Modern Mystery’s Year End List 2011 (Albums & Songs)

Yes, we’re a little late on this, but here is our Year End List(s) in all of their glory.

TOP ALBUMS of 2011

                                                     1. Real Estate – Days
Literally the most beautiful album we heard all year. Everything about Days is near perfect. Haunting guitars and echoing vocals provide a stunning LP that will hold the test of time. Real Estate put out the essential record of 2011 and will hold a place forever in indie music history. Congratulations to these guys for pouring their heart and soul into a record, and letting the listener hear every beat, every emotion, and every ounce of perfection.

2. Beirut – The Rip Tide
A close runner up, Beirut proves that they have staying power on their highly anticipated second album. They certainly lived up to the hype and brought the indie rock game to a whole new level.

3. The Drums – Portamento
Catchy, and a little deeper, The Drums plunge into the ocean, not to go surfing this time but to get a little heavier. The outcome? Amazing.

4. Sloan – The Double Cross
Always a MM favorite, the best foursome since The Beatles provide another album of blissful harmonies and catchy riffs. Sloan manages to do it again.

5. The Strokes – Angles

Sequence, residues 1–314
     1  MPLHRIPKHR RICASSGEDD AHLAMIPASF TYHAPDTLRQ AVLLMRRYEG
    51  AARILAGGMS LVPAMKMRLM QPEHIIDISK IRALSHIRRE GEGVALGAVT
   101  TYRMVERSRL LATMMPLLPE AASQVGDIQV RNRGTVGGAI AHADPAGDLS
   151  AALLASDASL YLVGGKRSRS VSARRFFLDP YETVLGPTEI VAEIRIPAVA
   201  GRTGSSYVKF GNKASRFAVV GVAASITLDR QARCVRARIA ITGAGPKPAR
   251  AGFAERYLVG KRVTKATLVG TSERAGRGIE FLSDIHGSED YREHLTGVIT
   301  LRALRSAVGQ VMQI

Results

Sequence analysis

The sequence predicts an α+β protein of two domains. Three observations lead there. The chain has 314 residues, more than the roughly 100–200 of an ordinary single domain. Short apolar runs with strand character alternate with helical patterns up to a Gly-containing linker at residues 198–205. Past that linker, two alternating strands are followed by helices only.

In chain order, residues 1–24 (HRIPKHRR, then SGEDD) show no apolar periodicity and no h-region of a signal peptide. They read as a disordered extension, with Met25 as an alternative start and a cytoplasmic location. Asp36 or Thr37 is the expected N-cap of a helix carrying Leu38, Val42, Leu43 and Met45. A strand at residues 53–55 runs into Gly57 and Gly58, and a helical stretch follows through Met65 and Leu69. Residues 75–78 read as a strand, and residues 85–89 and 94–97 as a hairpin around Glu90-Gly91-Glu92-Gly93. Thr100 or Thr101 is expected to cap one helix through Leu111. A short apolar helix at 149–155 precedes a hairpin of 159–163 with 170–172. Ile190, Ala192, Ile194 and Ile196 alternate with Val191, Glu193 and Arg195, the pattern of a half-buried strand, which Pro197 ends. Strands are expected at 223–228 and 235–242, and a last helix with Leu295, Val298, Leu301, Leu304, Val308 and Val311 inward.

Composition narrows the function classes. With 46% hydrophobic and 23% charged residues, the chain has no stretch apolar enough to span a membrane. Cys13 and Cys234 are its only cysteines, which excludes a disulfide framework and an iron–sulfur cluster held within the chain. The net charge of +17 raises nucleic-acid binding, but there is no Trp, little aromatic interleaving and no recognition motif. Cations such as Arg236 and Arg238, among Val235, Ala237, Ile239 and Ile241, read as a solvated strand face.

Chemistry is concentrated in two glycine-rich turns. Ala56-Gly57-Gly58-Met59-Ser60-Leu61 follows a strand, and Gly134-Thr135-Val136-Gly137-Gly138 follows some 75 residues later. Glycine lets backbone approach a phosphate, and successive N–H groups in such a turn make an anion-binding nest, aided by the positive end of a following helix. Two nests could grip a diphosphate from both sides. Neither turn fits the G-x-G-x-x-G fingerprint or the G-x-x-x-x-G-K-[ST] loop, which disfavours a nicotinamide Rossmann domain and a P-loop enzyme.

It may have taken 5 years for this little gem, but it was certainly worth the wait. We hope the next album is a little more cohesive, a little more “Strokesy,” but hell, it’s still one of the best records our ears came across this year, not to mention the most anticipated.

6. Neon Indian – Era Extraña
An incredible sophomore effort, that had us dancing around the apartment, the office, the car, etc. Alan Palomo knows what makes our hearts tick, and it’s his infectious brand of chillwave.

7.  Ryan Adams – Ashes and Fire
The second anticipated musical act out of retirement this year, Adams put out a tear jerking album of all acoustic material, this time without his infamous Cardinals. Gorgeous as always, that man cannot write a bad song.

8. Bright Eyes – The People’s Key
 What may be the last album under the name Bright Eyes, Conor Oberst and company pull out all the stops on this intriguing and somewhat eerie album. Oberst is better than ever, just when you thought that was impossible.

9. Stephen Malkmus and the Jicks – Mirror Traffic
Stephen Malkmus albums always equals a win. Pretend to be surprised. The Beck produced record caught our ears this year. Nice one Malkmus, as always.

10. Sam Roberts Band – Collider
Another great album from SRB, the band is on a hot streak of great releases. Always a little under the radar, this cult favorite is winning over hearts and ears quickly. Jump on in.


Atlas Sound – Parallax
Toro Y Moi – Underneath the Pine
Fleet Foxes – Helplessness Blues
St. Vincent – Strange Mercy
Girls – Father, Son, Holy Ghost
Destroyer – Kaputt
Youth Lagoon – The Year of Hibernation
Cults – Cults
Fucked Up – David Comes to Life
Panda Bear – Tom Boy
James Blake – James Blake

Top Songs of 2011

1 The Strokes – “Undercover of Darkness”
2 Neon Indian – “Hexx Girlfriend”
3 Real Estate – “Green Aisles”
4 Bright Eyes – “Shell Games”
5 Chairlift – “Amanaemonesia”
6 Sloan – “The Answer Was You”
7 The Drums – “Money”
8 Stephen Malkmus and the Jicks – “Senator”
9 Beirut – “Santa Fe”
10 Washed Out – Amor Fati
11 Joy Formidable – Whirring
12 Girls – “Honey Bunny”
13 Unknown Mortal Orchestra -“Ffunny Ffriends”
14 Real Estate – “It’s Real”
15 Cass McCombs – “Country Line”